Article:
Road Testing the “Trail-Blazer”: Part One
As the dawn was breaking, we took off from London for the Lost World.
I was going to be following the route of a unique new tour, designed to capture the style of Journey Latin America's trips back when my dad, the company co-founder, was leading them in the early 80s. And of course, he would be joining me for the ride.
Once I boarded the plane I pushed that good old silver button on my chair, blocked out the world with a pair of ear plugs and drifted off. Awoke. I'll have the chicken please. Slept.
We arrived in Caracas mid afternoon. Stepping outside, that hot sweet smell of the tropics was a familiar welcome.
On the very outskirts of the city, the shanty towns litter these hills: basic, colourful lego-brick buildings stacked on top of one another, with scaffolding poles and supporting rods sticking out of the ground around them like broken cigarette butts in an ashtray. As we made our way into the city, the freeways and flyovers started to pile up. Imagine throwing Birmingham into Kew Gardens and then leaving it in the sun for twenty years. Tropical trees grow from the cracks in the highway supports, traffic jams merge, sweltering, in the middle of this concrete and jungle love child.
We dodged the tribes of Chávez supporters in socialist blood-red sports tops to explore Caracas at night. It was a city of bridges, huge, pollution-stained concrete towers and massive corporate branding rising up from every skyscraper. Someone must have made a lot of money in the 70s selling the blueprints of urban America to Caracas city developers.
In the morning we were joined in the elevator by four very young soldiers in full combats carrying Kalashnikovs, and we shared breakfast with the Venezuelan Youth Orchestra. Then, after scaling the dizzy heights of mount Ávila by cable car, to see the huge flag that dominates the skyline, we left for Canaima on a tiny Cessna plane.
As we dove through the clouds to land, in the far distance the silhouettes of the huge tepui (table mountains) loomed on the horizon. This was the Lost World that literature and films had whispered about and we were about to land right in it. After clambering out of the plane and sorting out our bags we met our guide, Carlos, of the native Pemón tribe. He showed us to the back of a truck and we headed straight to the river.
I’m still feeling for the words to describe Canaima National park. Spectacular, stunning, unbelievable: all of these seem too obvious and clichéd. Even if I had written this just as I stepped into our motorized wooden canoe, I would still have stolen someone else's words:
"So...we disappear into the unknown. This account I am transmitting down the river by canoe, and it may be our last word to those who are interested in our fate..."
Arthur Conan Doyle
Our little tribe set off down the river to the sound of clicking cameras, gobsmacked by the scenery and pointing as per tourist etiquette. Soon the adrenaline started to course through my veins as we veered away from the main river and delved deeper and deeper upstream into the jungle. The huge tepui soared into the clouds around us. It looked as though the entire plateau was hanging from the sky by these huge rock anchors, and we were floating, meandering along in the green gaps in between. It was mouth-open, breathtaking natural beauty. For four hours we twisted and swayed up through the river, carving our way through the verdant landscape. And then, all of a sudden the boat turned the last bend and there in the distance, trickling down from the shoulders of one of larger tepui, was Angel Falls.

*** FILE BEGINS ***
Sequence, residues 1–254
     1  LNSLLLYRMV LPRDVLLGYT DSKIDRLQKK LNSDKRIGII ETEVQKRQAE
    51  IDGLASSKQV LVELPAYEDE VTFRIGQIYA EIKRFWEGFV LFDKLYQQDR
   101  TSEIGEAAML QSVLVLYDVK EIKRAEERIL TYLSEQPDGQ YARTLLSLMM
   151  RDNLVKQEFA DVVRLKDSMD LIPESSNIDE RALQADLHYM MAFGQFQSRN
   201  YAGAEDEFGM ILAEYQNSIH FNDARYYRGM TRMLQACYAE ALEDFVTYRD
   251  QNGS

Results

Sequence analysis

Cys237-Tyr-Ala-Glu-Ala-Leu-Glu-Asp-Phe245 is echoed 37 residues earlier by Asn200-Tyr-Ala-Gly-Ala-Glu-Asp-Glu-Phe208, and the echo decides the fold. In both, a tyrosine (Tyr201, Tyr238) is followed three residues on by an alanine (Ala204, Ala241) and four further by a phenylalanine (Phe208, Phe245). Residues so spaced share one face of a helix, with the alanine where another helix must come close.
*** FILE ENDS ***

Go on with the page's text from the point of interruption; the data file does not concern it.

We moored our canoe and plunged into the rainforest. The trail wound through the jungle, under the canopy, in the thick, humid evening air. To imagine the feeling, think of being Indiana Jones, in a sauna, running on a treadmill under a showerhead. But then there was the unimaginable thrill of trekking through the jungle, alone with my father. (I realised in that moment that I had almost reached every boy’s dream of becoming a young Henry Jones Jr – helped by the fact my dad does bear a slight resemblance to Sir Sean).
We slowly climbed for an hour, the tangled roots and rocks underfoot, avoiding red anthills and tarantula nests. By now absolutely knackered and sweating like marathon runners, we finally reached the foot of the falls. Luck was on our side, and after a few minutes the clouds cleared from the summit and we could see the torrents turn to mist as the falls plummeted earthwards.
As we made our way back down to the river, darkness descended with us, and we were soon walking in the twilight. We reached the shore again and crossed to our camp for the night. After a dip in the river, Carlos passed on some Pemón tips about sleeping in a hammock, some conventional, some not so conventional. As everyone else fell asleep I kept my eyes open for as long as I could, gently swinging, just listening to the dark jungle. All I could hear was my own breathing.
The next morning we awoke early and after a small breakfast, disembarked back down the river, towards civilization. The mist had spread over the plateau and the tepui appeared then disappeared into white. We floated on downstream as it slowly started to rain. The rapids were so much more aggressive and thrilling in this direction, and with the fat rain drops and the spray from the river I was soon absolutely drenched. It was only a short ride back to the Pemón village of Canaima, but it was enough for the sun to re-emerge. We disentangled ourselves from the boat and were shown to our rooms, giving us a chance to dry off and wash the tannin from the river out of our hair. Angel Falls was behind us, but four more countries' worth of adventure still lay ahead.